As the child's character becomes more formed by the emotional and behavioural vagaries of their family, the circumstances of their life and genetic inheritance, so one sees them become unable to move in and out of different emotions so freely: certain emotions start to predominate, others become repressed. The child gradually acquires a predisposition to particular emotions. Even in a small child one can usually perceive that certain emotions are more powerful and intense than others. The child loses inner vitality as their Qi becomes imbalanced. Yin or Yang will start to predominate; one or more of the Five Elements will lose balance with the others. It is the development of one's temperament which creates long-term constitutional imbalances in a person's Qi. These imbalances cause one to become, for example, a fearful person, a person chronically lacking joy, irritable, unnecessarily or inexplicably morose.

The practitioner must discern the nature of the constitutional imbalances if they are to treat most chronic symptoms at their true origin.

In the context of the causes of illness, the Chinese narrowed the vast range of human emotions down to seven, but they should not be interpreted too restrictively. Many other emotions could be included under each broad heading; for example irritation, frustration, resentment, fury and bitterness would all come under the heading of anger as a cause of illness. Certain emotions are inclined to affect particular Elements and Organs but it is worth bearing in mind that people by no means always respond to situations as one might expect – for example the emotion of grief is not always the predominant response to the death of a loved one. Profound lack of joy, the need for sympathy and even anger are sometimes felt far more intensely, depending on the long-term imbalances of the person and the nature of the relationship to the deceased.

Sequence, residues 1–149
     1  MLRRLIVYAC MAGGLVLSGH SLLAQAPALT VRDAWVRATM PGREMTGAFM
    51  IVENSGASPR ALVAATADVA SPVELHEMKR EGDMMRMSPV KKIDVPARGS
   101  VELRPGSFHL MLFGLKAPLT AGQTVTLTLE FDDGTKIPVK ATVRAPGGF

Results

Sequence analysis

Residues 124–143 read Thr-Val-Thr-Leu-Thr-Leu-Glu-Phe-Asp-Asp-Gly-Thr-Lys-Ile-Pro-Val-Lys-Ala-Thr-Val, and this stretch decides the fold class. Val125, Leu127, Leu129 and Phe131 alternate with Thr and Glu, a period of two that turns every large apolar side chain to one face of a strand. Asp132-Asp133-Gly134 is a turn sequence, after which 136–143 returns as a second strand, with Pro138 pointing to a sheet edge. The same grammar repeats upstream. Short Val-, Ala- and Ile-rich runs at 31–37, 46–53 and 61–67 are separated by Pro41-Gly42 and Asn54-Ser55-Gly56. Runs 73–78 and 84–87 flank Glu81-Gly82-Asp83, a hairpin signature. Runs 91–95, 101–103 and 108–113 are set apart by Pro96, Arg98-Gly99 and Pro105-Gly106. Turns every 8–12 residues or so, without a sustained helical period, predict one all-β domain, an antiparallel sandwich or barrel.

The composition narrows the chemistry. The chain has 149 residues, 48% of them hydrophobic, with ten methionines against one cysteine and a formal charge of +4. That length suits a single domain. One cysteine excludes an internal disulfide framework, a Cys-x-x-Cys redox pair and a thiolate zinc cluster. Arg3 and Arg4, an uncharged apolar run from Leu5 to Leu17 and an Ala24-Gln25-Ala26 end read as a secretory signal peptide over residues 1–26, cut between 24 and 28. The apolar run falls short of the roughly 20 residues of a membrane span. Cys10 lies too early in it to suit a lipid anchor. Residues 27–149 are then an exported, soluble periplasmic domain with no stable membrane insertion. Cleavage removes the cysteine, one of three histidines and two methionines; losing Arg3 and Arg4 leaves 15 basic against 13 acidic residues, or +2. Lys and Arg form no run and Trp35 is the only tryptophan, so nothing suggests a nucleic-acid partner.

The following table shows which Elements are primarily affected by each emotion.




Many of us have difficulties with anger. Some people explode, some feel frightened by the potential of their anger, some can rarely express or even feel their own anger. Aristotle has probably described the problem better than anybody else "It is easy to fly into a passion – anybody can do that – but to be angry with the right person to the right extent and at the right time and with the right object and in the right way – that is not easy, and it is not everyone who can do it".

Anger is our attempt to change a situation that we do not like or that we find unbearable. Failure to assert our needs leads to resignation, resentment, frustration or bitterness to some degree or another. The Chinese regard prolonged or unresolved anger as probably the most destructive emotion to our health and this view is echoed by many westerners who work in the area of psychosomatic health and illness.


It may seem incongruous to list such a pleasant emotion as joy as a cause of disease but both an excess of joy and a dearth are detrimental to the Fire Element and, in particular, the Heart. It has been noticeable in recent years that many of the most famous British comedians – people whose jollity is infectious enough to make millions laugh with them – have died from heart trouble. Many people strive to be constantly jolly as though "having a good time" were the be-all and end-all of social intercourse and this places a strain on the meridians of the Fire Element. Jean-Paul Richter, the German satirist, was perceptive enough to write "No-one is more profoundly sad than he who laughs too much".

Joy is a social emotion. One may be content and happy on one's own, but laughter and joy are usually most evident in the company of other people. Loneliness and isolation can erode a person's joyfulness in such a way as to be deleterious to health. Conversely when a person forms a relationship which brings joy and love into their life, it often reveals the difference that the polarity of unhappiness and happiness can make to a person's health.

Worry and Pensiveness

Worry is frequently the result of dysfunction in the Earth Element and yet it can also be the cause of distress to that Element. Worry can gain a hold in someone's mind; going over the same thoughts over and over again, in such a way as to become damaging to health. Some people almost boast that if they have nothing to worry about they will find something. One of the commentators on the I Jing, the ancient Chinese Classic of wisdom and divination, summed up this syndrome when he wrote "All thinking that goes beyond the present situation only serves to make the heart sore".